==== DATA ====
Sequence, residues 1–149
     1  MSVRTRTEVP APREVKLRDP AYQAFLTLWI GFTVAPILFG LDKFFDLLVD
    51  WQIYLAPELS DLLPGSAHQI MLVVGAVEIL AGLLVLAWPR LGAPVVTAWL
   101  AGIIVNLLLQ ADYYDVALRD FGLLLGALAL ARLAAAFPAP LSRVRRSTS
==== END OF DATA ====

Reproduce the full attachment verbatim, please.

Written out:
Sequence, residues 1–149
     1  MSVRTRTEVP APREVKLRDP AYQAFLTLWI GFTVAPILFG LDKFFDLLVD
    51  WQIYLAPELS DLLPGSAHQI MLVVGAVEIL AGLLVLAWPR LGAPVVTAWL
   101  AGIIVNLLLQ ADYYDVALRD FGLLLGALAL ARLAAAFPAP LSRVRRSTS